With a little help from Amazon.
Guest author Pete Gamache is the head of engineering for AppCues.
You’ve read a lot about application programming interfaces and the power they have to connect software together. Maybe you’ve even come up with an idea for a service that other developers would build on top of—accessed through a brilliantly designed, coder-friendly interface.
So what’s stopping you?
If your answer is something to do with maintaining all the servers a sturdy API capable of handling millions of requests, I totally get it.
Servers are annoying, even in the age of cloud services. You choose them, provision them, configure them, deploy to them, monitor them, meter them. You decide when to add or remove them. And at the end of the month, you need to pay for what you used, and what you didn’t.
There is quite a lot to be said for a serverless architecture. It’s the quickest and cheapest way off the ground, for the hobbyist and scrappy startup founder alike. The explosion of software as a service in recent years has paved the way for the concept of “servers” to be someone else’s problem.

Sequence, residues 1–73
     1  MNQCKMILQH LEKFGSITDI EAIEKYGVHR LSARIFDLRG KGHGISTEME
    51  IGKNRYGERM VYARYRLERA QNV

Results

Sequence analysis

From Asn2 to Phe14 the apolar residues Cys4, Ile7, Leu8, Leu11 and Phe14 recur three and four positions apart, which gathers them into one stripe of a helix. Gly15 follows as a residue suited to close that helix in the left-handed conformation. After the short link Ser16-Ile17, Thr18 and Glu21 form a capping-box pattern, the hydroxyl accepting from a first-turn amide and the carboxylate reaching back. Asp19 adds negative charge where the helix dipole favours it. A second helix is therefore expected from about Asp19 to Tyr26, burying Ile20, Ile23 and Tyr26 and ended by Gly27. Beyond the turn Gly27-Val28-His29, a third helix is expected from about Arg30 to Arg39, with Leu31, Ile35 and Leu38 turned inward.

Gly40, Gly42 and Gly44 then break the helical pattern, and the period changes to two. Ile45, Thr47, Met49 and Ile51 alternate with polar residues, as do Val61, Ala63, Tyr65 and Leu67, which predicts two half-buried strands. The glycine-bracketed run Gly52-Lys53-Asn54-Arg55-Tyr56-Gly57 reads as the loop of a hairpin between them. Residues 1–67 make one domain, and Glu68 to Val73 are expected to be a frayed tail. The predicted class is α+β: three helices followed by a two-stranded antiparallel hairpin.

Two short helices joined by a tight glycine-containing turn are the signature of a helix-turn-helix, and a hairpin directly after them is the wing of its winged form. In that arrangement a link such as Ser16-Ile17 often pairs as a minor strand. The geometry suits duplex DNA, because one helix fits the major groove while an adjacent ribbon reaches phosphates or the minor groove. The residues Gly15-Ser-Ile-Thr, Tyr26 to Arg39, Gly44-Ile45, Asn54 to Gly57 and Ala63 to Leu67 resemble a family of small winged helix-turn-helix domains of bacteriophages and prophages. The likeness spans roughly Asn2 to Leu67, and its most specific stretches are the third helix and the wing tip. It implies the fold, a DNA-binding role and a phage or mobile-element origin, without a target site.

But there are things only servers can do properly. Cryptographic secrets, for instance, can’t be fully protected in browsers or mobile apps. Servers provide stronger assurances that a process will be run to completion. And browsers, though fast and reliable, are slow as hell and maddeningly uncontrollable.
If you want to do an API, you’re going to have to wrestle with servers.
Along came a familiar friend to anyone who hates the idea of handling their own hardware: Just about one year ago, Amazon Web Services, the industry leader in managing large pools of computing resources, introduced a new platform called Lambda for ephemeral computing. Users could supply code and, based on certain triggers, it would run somewhere, not immediately but milliseconds-soon.
There were plenty of limitations at first—a 60-second execution limit, to name one—but the service offered pure, serverless, on-demand computing, at prices that small and medium-sized businesses had no hope of matching themselves.
At this point, API Gateway and Lambda are mature and production-tested products. As long as your API requirements don’t include white-hot response times or long-lived requests, they’re a very attractive option for the startup on a tech-spend diet.
The great news is that it’s not only cheap to stand up an API with API Gateway, it’s also quick work. Ten minutes if you’re copy-pasting, half an hour if you’re a good typist.